BUFFALO, N.Y. (WIVB) — When we talk about retirements in law enforcement, few reach the four-decade mark. Even fewer reach that level of service all with a single agency. And so it’s no surprise that when former University Police Chief Peter Carey walked onto the campus of Buffalo State in the summer of 1977, he never thought he’d be there for a lifetime.
“My brother dropped me off, and I was 500 miles from home, wondering what did I do?” Carey said. “When I came here, I had planned on going back to New York City.”
But he fell in love. First with the campus, then with the police profession and finally with his wife. Countless, cognizant decisions that felt right, that felt like home.
“But got the job here and just stayed here. And I just decided that working in the police department in higher education is really what I wanted,” he said.
Carey called it a career at the end of August after 41 years; a career well lived right where it started.
“I’ve not only gotten my education here, I’ve got a career here, a life here,” he said.
Carey arrived on the north Buffalo campus in 1977 to study criminal justice. A year later, he joined the university police department as a student assistant. In 1980, he was hired as a full-time officer.
In his more than four decades of service, Carey worked the campus beat, graduated from law school, taught criminal justice for 14 years, earned multiple commendations and personal and organizational honors, all while rising through the ranks to lead the department that gave him his first real job.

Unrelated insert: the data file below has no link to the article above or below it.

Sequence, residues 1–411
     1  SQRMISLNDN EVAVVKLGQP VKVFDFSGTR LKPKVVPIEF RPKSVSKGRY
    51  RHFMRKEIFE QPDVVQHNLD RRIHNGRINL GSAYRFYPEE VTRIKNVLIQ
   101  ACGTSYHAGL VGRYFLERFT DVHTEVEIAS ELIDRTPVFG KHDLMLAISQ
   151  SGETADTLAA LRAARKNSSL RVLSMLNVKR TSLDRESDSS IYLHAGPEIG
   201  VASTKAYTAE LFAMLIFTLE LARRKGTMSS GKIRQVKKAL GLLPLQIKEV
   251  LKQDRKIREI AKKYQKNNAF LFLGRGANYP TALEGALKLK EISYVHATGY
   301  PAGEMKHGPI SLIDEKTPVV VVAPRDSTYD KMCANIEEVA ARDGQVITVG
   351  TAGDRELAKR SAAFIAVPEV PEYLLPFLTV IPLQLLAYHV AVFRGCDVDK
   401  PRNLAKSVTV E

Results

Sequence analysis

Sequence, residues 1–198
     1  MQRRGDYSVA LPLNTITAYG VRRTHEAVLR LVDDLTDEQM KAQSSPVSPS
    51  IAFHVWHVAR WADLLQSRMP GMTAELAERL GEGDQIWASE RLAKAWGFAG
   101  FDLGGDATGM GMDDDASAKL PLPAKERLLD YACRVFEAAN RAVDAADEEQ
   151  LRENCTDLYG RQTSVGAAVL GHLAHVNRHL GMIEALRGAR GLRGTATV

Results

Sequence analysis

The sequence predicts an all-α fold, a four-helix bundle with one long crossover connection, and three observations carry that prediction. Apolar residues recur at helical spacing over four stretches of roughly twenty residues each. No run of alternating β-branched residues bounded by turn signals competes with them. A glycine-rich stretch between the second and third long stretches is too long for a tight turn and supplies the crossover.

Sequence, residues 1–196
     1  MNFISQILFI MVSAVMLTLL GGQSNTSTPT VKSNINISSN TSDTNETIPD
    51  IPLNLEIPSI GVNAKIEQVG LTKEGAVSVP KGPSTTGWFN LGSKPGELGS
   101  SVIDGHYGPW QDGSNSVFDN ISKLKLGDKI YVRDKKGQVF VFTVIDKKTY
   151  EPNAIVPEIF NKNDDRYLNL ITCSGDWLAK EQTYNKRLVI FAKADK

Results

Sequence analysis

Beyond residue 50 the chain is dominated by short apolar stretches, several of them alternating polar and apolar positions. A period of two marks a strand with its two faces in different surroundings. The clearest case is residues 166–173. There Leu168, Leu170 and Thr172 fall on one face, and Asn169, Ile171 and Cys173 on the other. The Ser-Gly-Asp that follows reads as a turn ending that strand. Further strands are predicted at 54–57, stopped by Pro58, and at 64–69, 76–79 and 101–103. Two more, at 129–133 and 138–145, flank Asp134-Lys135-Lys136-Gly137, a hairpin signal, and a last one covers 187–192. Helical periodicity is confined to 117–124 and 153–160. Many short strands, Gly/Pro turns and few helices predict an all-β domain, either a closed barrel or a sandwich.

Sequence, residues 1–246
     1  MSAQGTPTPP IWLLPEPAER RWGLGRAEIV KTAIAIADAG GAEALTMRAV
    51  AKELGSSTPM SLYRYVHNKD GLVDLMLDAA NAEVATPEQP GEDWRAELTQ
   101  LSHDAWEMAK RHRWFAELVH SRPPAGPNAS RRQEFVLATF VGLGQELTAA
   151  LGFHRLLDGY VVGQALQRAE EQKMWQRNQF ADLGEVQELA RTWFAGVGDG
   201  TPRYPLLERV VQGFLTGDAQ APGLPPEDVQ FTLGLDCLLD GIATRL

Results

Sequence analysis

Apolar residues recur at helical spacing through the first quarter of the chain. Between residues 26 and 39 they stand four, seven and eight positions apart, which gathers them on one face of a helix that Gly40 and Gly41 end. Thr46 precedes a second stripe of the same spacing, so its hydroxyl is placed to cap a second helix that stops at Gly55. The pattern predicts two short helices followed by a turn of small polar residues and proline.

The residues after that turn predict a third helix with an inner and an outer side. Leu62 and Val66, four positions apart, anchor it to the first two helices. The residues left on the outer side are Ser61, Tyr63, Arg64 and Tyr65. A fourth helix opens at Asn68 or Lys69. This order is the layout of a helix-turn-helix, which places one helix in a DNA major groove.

One of those honors came later in his career, Dec. 7, 2002, when a despondent student blew up his room on the eighth floor of this dorm tower.
“Myself and an officer, Daniel Harris, rolled up on that call,” Carey said. “And as we pulled up, we could see smoke, and we had students telling us there was an actual fire. So we went into the building not knowing how big a fire. And as it turns out, it was an arson explosion, by a student, with significant damage to the building. And it was on the eighth floor. And myself and Officer Harris went up to the ninth and tenth floors and evacuated students to get them passed the floor where the fire had taken place.”
With a career spanning 41 years, Carey says he’ll miss a lot about Buffalo State. And although he’s a man of routine, it’s the annual reinvention; the new and different he’ll likely miss the most.
“Every year, 25% of our population is brand new,” he said. “So you get a fresh start with 25% of your population every year. It’s a new group of students to meet and work with and mentor. I think I’m so fortunate to be able to retire and walk away happy and healthy and missing this place, rather than being unhappy and walking away,” he said. “I miss this place, and I will come back. But I couldn’t be happier personally or professionally with my time here at Buffalo State.”